Seeking Funds, Seeking Hope

Robbinsville filmmakers plan a documentary about children in Brazilian favelas.

By: Josh Appelbaum
   An Emmy Award-winning television news editor from Robbinsville is planning to shoot a documentary film focusing on human rights and the children living in Brazil’s favelas, or ghettos.
   Kimberly Switzgable, a freelance editor who’s worked with ABC News, Reuters and BBC, is raising funds for her second film, City of Hope: A Children’s Story, which seeks to capture the grim realities and glimmers of hope for the often homeless street children of Brazil’s cities, who are continuously victims of violence and abuse.
   Ms. Switzgable, who has traveled extensively through the South American nation, plans to shoot on location in Campinas, Sao Paolo, and Rio de Janiero, where she says children are often killed in murder-for-hire plots perpetrated by local business-owners and off-duty police. "’20/20′ did a piece on the murder of street kids (in the mid-’90s)," Ms. Switzgable says. "I knew I had to do something about this story."
   Ms. Switzgable made Dressage: The Horse With Airs, which documents the relatively obscure equestrian event and was a finalist at the New York Festival in 1995. In 1997, she received an Emmy Award for editing Diana, Princess of Wales for ABC. Her new film is a more ambitious, international project.
   In the high-definition digital video, Ms. Switzgable plans to profile City of Youth schools, which are safe havens for street children in Brazilian cities. Founded by American Phillip Smith, City of Youth schools provide shelter and academic and vocational training for children in high-risk situations with few other viable alternatives.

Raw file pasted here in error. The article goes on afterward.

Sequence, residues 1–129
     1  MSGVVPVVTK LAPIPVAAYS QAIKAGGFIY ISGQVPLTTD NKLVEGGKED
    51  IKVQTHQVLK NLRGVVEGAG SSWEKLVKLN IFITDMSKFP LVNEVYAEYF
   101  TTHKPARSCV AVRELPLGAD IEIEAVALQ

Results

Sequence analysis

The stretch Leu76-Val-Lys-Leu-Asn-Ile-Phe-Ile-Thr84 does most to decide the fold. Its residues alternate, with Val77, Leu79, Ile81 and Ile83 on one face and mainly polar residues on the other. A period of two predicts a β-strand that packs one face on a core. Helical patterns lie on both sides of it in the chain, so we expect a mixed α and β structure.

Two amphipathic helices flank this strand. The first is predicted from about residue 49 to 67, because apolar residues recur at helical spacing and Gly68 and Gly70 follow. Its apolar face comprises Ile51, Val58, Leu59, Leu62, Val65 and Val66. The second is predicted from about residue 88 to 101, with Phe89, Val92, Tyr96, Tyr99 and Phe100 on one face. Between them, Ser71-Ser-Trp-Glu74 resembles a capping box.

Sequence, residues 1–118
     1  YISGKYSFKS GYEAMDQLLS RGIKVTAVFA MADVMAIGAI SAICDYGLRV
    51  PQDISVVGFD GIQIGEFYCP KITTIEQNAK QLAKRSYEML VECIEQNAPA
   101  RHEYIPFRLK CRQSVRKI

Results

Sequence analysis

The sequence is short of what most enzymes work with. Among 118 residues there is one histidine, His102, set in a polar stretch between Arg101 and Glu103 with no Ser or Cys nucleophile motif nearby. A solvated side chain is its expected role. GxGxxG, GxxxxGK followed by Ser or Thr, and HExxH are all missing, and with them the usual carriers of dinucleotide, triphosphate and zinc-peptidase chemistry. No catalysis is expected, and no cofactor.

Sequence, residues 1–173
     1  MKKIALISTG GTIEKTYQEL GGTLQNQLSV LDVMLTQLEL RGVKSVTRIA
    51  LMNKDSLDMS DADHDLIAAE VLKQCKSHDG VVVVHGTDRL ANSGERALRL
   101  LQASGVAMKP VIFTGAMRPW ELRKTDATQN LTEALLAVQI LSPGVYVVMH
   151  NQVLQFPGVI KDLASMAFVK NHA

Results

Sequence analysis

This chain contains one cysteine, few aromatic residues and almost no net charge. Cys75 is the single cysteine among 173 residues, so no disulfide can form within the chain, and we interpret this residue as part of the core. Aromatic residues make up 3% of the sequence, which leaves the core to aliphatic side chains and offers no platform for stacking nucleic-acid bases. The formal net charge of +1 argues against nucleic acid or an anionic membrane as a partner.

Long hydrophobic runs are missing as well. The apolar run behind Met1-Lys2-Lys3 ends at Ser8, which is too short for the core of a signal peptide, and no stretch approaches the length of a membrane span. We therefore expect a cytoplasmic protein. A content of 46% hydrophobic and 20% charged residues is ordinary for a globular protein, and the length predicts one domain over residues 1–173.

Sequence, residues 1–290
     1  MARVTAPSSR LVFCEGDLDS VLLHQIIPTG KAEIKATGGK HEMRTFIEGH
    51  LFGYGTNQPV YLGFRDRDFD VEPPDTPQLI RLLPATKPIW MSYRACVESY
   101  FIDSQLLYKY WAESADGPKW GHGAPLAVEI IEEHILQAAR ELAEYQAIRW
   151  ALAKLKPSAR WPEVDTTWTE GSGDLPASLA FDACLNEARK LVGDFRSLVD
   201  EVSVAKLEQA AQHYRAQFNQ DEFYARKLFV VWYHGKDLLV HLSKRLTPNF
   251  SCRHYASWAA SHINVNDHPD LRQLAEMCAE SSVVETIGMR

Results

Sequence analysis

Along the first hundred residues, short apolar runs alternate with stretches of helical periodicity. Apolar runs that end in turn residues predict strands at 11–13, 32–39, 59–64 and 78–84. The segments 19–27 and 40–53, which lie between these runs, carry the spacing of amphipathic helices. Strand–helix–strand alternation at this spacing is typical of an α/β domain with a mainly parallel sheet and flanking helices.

Ms. Switzgable first visited Mr. Smith and the City of Youth schools in Campinas and Vitoria in 1998. She says the schools provide a place where the children can escape a life of prostitution, gang violence and poverty. "The government (in Brazil) unfortunately doesn’t have the type of social programs we have in the U.S.," Ms. Switzgable says. "There is a lot of wealth in the country, but it isn’t spread around."
   Although the film project is based in the United States, John Scheifele, City of Hope’s executive producer and Ms. Switzgable’s live-in partner, says the film will employ journalists, activists, politicians and, most importantly, children to tell the story.
   "This is definitely a national problem… nobody is trying to cover this up," he says. "The key is to acknowledge it and shed light on the fact that there is a fix in place, including Phillip Smith’s outfit."
   While Ms. Switzgable plans to interview investigative reporters from the country’s Globo television news service, Mr. Scheifele insists their film isn’t meant to embarrass or impugn Brazil’s government or its citizens. She says the news media in Brazil have been leading the charge to uncover the stories of murder-for-hire in the favelas and have been raising awareness of the underlying issues of abject poverty and lack of access to various resources. "They’re aggressive and they want to know what’s going on in their country," she says. "The Brazilian media is today what our media was 25 years ago."